Illuminating Alumni: Tales from Yale, Uppsala, and Oxford

This month in Illuminating Alumni we catch up with three DIS alumni pursuing Master’s and Ph.D. degrees in different parts of the globe and ask them what role their time abroad as an undergraduate played in their current academic studies.

brandoncroppedName: Brandon Hall
Bachelors: B.S. Architecture at Washington University in St. Louis, MO
DIS Program: Architecture, fall 2009
Currently: Third and final year Master’s student in Architecture at Yale University

DIS provided a lens through which to see and understand the role of architecture in Scandinavia. Understanding the cultural and political positioning of the Danes is key to interpreting the role that design takes on, and is one of the things that makes Danish architecture both remarkable and approachable. Canonical methods of urban organization like the five finger plan and the Copenhagen metro show the realization of innovative design solutions to address growing environmental concerns. The Danes have also avoided the cliques and pitfalls of historical centric building practices, instead embracing the beauty that can come from the interplay between contemporary architecture and historic city fabric, aided by a lineage of phenomenal designers from Arne Jacobsen to Henning Larsen to Bjarke Ingels.

I think first and foremost Copenhagen is a wonderful place to live and study. It is approachable and at the same time foreign, comfortable but radically different. I enjoyed my time at DIS and I returned to practice architecture in Denmark for a year. These are experiences that will have a far greater impact on you than you know. Make the most of it!

Gender and Sexuality in Scandinavia Guest Lecture Warren Kunce FA12 (4) (2)Name: Warren Kunce
Bachelors: Wellesley College, B.A. Environmental Geosciences
DIS Program: Medical Practice & Policy, spring 2007
Currently: Ph.D. candidate in Ecotoxicology (focus on pesticide mixtures and aquatic insects)

Following my time at DIS, I returned to the States and completed my final year at Wellesley College. Then I went on to study Aquatic Environmental Biology for a year as a Fulbright scholar at the University of Southern Denmark.

My semester at DIS completely changed the trajectory of my life. There aren’t that many opportunities for science majors to study abroad. In my case, the opportunity at DIS led to another which led to another! It played a large role in my decision to move to Scandinavia permanently. I ended up getting my M.S. degree from Uppsala University in Sweden in Ecotoxicology. My current Ph.D. program here in Uppsala is also in ecotoxicology with a focus on pesticide mixtures and aquatic insects.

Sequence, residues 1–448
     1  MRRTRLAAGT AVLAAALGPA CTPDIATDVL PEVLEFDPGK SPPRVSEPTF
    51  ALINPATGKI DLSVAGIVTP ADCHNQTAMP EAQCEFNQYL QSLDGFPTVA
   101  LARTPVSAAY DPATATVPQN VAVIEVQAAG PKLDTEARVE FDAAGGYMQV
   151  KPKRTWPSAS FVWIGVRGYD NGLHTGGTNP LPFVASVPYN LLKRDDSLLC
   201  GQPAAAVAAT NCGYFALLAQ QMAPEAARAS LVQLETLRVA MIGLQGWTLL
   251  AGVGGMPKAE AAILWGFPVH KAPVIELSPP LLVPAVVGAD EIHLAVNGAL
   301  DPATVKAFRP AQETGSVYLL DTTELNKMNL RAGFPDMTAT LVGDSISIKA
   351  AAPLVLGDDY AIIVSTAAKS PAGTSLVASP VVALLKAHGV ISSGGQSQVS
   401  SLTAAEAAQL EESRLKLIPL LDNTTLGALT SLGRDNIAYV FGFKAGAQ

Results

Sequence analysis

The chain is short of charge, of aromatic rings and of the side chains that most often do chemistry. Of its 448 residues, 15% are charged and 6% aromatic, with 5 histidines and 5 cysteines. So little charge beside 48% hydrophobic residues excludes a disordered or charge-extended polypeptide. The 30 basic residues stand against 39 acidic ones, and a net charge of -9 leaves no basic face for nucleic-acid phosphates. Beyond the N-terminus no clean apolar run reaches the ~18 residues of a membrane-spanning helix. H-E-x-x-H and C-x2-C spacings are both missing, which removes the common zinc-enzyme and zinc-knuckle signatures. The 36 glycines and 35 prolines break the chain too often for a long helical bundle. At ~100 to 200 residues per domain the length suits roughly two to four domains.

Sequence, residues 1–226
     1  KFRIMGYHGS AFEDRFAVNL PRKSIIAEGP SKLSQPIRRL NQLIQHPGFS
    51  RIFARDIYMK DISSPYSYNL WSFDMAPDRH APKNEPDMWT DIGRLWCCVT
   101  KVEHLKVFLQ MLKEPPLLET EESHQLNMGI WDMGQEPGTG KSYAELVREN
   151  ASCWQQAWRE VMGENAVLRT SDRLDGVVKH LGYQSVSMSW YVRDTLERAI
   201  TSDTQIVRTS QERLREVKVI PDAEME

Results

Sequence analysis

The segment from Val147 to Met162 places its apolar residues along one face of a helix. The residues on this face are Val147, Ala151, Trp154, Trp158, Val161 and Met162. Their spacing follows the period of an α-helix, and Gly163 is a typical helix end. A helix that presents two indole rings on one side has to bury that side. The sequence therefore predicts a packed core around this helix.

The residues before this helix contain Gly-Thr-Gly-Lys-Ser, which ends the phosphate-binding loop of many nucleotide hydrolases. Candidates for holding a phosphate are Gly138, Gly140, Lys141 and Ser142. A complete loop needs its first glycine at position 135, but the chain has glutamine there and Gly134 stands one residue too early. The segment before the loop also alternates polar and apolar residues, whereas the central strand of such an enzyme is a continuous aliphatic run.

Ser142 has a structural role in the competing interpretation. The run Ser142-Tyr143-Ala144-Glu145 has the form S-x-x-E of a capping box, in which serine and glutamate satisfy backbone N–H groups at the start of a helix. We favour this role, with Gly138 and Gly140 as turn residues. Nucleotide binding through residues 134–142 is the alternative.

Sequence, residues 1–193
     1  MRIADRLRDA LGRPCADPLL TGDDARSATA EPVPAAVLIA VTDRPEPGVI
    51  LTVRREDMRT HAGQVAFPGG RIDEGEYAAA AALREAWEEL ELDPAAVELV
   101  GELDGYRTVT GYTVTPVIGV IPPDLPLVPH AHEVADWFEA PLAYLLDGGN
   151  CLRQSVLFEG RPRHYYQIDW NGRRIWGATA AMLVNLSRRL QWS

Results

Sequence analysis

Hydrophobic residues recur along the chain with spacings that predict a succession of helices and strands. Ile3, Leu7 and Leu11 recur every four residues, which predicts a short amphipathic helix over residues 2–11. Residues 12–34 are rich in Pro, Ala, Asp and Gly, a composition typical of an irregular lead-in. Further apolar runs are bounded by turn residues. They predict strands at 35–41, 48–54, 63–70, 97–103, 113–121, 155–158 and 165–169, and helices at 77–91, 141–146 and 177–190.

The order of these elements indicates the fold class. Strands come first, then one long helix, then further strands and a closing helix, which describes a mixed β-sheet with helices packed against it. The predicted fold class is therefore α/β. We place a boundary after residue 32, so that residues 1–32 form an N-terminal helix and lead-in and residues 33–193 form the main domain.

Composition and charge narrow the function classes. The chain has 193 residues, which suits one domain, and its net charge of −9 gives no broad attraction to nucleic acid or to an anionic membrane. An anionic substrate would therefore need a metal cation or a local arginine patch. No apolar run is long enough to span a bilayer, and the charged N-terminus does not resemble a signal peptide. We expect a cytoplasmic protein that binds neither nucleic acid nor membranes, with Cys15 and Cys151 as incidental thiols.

Ariel Gregory
Bachelors: Smith College, double-major in Anthropology and Architecture (with a concentration in Urban Design)
DIS Program: Architecture and Urban Design programs, fall 2009 and spring 2010
Currently: Master’s student in Human and Economic Geography at the University of Oxford

The highlight of my time at DIS was meeting so many interesting people – both students and local Danes – and being able to explore Copenhagen and the surrounding area with them. Denmark is a country of hidden depths; from a design perspective, it was a constant surprise discovering how close I was to some of the most innovative current work in sustainable architecture, often times a metro stop away! From a personal perspective, I met some of my closest non-academic friends there. Some of my favorite memories are of sitting in Paludan’s bookstore (in the center of the city), and enjoying a lazy Sunday brunch with my studio-mates while discussing sites we’d visited during class earlier that week.

At the moment I am a Master’s student at the University of Oxford studying Human and Economic Geography and the case studies I analyzed on site and in studio while part of the Architecture program have proved invaluable. Being able to poke around sites, experiencing the light and the sound and the ambiance of spaces in person, simply can’t be replicated in books or visual media. I would highly recommend it – especially if you’re considering the Architecture program! And, I would add that (while not necessary), it’s well worth taking Danish classes.

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